Not bad… for a human

Just replaced the HDD in my Alienware M15x with a 256 GB Crucial C300.

alienwareimage

If you’re interested the “physical” part of the upgrade took less than 20 minutes. There was a brief moment of panic when I discovered that the pins on the old drive were different to the new drive, however what looked like part of the old drive was actually a little adapter that could be fitted to the C300. Photos will explain better than I can.

image

I also took a photo of the Alienware’s internals if anyone is interested. Dual exhaust fans an heating pipes probably explains why it weighs so much Smile with tongue out

image

I’m also using this post as a test for Live Writer 2011. Seems pretty good so far.

Visual Studio 2010 is downloading…

Rx Schedulers – Reverse Trampoline

Recently I’ve been playing around with some *crazy* IScheduler implementations. I’m going to do a series of posts outlining some of my ideas. I’ve not had time to test or meditate on some of these concepts. If they turn out to be poorly conceived hair brained ideas – I’m sorry!

 

Some background first

If you are not familiar with the concept of a trampoline (aka message loop), it is a pattern where rather than functions being executed immediately, they are placed onto a queue and executed by another piece of code. In case you were not aware the “CurrentThreadScheduler” in the Reactive Framework uses this pattern. This post does a good job of summarizing it’s usefulness & role in Rx.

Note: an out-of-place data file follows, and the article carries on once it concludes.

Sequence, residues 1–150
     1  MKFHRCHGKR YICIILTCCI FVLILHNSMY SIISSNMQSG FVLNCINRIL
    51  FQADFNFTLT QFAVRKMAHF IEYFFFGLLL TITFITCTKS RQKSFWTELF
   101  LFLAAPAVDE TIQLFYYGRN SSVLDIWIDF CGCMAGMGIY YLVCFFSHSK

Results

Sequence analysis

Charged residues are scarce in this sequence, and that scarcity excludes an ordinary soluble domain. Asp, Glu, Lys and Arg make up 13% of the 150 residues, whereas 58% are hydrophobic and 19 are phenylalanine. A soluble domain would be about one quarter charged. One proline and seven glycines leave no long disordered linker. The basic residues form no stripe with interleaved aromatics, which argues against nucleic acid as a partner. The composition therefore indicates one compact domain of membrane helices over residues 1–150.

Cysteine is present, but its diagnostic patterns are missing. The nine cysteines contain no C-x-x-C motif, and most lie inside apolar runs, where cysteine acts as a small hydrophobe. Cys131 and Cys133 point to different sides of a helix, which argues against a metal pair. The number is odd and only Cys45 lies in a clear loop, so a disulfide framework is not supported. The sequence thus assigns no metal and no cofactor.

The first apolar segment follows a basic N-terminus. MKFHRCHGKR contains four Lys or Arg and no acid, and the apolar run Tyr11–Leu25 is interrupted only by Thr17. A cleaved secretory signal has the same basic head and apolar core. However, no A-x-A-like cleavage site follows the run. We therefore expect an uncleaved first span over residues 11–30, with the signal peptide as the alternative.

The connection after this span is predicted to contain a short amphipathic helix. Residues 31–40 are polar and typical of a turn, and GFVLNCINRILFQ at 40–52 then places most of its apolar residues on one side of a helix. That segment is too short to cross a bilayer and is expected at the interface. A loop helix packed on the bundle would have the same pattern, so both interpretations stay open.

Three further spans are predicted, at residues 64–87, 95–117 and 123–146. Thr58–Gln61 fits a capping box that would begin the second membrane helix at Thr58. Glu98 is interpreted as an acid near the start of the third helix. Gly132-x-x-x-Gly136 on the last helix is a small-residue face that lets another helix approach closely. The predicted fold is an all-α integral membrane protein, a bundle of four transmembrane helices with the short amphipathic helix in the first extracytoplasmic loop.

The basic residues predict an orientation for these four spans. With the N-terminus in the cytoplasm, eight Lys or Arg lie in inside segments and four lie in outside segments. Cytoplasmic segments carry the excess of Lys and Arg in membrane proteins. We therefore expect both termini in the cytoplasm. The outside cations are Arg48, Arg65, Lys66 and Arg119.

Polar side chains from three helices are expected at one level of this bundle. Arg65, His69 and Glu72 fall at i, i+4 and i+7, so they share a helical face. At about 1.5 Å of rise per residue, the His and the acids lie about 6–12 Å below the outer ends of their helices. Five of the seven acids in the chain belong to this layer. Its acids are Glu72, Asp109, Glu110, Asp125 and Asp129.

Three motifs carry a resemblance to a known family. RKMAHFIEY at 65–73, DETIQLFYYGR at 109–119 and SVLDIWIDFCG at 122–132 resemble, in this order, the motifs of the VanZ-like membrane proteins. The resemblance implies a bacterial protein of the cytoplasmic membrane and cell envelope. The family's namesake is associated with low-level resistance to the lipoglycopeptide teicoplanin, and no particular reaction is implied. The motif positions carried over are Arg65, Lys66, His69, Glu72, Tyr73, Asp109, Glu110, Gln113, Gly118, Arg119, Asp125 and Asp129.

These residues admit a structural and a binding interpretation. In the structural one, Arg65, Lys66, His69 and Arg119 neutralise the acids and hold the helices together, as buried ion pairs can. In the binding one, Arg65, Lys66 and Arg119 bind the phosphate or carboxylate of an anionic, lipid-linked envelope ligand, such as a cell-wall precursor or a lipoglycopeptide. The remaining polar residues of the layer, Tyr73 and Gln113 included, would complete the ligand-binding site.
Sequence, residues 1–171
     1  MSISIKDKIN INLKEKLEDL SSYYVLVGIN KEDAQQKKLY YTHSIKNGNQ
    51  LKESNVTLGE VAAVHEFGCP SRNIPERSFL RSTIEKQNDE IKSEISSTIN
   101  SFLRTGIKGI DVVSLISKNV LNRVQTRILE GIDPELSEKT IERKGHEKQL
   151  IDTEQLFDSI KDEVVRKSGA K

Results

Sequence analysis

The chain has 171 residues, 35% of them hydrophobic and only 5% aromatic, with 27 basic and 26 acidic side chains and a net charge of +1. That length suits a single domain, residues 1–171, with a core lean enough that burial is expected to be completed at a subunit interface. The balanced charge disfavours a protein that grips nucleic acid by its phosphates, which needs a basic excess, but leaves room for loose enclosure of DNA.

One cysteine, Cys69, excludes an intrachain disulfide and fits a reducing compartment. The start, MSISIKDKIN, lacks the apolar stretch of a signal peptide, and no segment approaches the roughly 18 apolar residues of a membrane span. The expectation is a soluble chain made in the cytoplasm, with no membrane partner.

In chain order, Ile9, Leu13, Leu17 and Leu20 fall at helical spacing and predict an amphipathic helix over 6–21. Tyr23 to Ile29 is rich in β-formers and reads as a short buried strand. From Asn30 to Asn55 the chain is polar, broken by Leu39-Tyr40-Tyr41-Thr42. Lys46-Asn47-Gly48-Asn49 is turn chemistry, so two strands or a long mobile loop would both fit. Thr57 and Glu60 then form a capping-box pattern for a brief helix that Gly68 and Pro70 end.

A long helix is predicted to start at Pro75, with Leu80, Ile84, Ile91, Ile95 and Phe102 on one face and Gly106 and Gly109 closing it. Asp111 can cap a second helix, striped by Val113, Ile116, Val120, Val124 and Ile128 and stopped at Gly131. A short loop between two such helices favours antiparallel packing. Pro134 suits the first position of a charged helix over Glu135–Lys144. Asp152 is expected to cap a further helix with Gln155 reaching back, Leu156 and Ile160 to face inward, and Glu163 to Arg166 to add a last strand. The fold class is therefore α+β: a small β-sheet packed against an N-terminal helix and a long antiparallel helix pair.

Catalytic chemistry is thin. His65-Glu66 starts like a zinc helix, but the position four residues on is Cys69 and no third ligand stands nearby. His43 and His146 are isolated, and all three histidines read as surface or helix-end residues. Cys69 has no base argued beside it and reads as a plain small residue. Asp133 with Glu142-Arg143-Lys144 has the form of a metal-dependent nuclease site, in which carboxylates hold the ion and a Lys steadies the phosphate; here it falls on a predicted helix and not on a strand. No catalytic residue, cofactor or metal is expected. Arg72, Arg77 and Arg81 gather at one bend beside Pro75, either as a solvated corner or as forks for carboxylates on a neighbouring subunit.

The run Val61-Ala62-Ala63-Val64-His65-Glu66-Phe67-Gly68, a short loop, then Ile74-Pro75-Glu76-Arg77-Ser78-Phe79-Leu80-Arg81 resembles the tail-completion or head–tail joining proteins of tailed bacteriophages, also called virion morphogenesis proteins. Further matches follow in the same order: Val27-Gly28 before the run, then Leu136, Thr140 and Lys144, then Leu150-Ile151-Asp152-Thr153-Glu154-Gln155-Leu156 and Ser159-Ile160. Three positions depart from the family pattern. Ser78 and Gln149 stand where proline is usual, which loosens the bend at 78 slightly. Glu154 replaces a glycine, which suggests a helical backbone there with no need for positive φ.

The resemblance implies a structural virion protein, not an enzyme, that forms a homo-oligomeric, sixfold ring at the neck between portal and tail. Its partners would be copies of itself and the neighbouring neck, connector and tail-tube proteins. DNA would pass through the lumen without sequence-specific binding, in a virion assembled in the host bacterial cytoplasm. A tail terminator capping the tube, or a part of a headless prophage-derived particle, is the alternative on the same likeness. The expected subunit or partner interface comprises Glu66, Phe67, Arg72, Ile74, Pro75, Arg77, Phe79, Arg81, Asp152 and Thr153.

http://social.msdn.microsoft.com/Forums/en-US/rx/thread/7f75482f-eff2-4938-9491-47fe870989e8

Bart has a great post on “Stack Friendly Recursion”.

http://community.bartdesmet.net/blogs/bart/archive/2009/11/08/jumping-the-trampoline-in-c-stack-friendly-recursion.aspx

If you don’t yet “get it” just spend sometime trying to get your head around this mind bending code. The correct & expected output is;

A
C
B

 

class Program
{
    static void Main()
    {
        var tramp = new Trampoline();
        tramp.Invoke(() =>
        {
            Console.WriteLine("A");
            tramp.Invoke(() => Console.WriteLine("B"));
        });
        tramp.Invoke(() => Console.WriteLine("C"));
        tramp.Run();
    }
}

class Trampoline
{
    private readonly Queue<Action> queue = new Queue<Action>();

    public void Invoke(Action action)
    {
        queue.Enqueue(action);
    }

    public void Run()
    {
        while (queue.Count > 0)
        {
            queue.Dequeue()();
        }
    }
}

 

The problem

A very important part and and source of confusion for new comers to Rx, is that all notifications in the query pipeline are serialized. Events must occur in the correct order. This makes sense if you think about it, an enumerable must enumerate over elements in order as well. For the most part, this is not a concern to developers using Rx, however it definitely something you need to understand and be aware of. The complication comes arises however, when writing subjects or operators that allow scheduler injection. Consider this partial implementation of ISubject.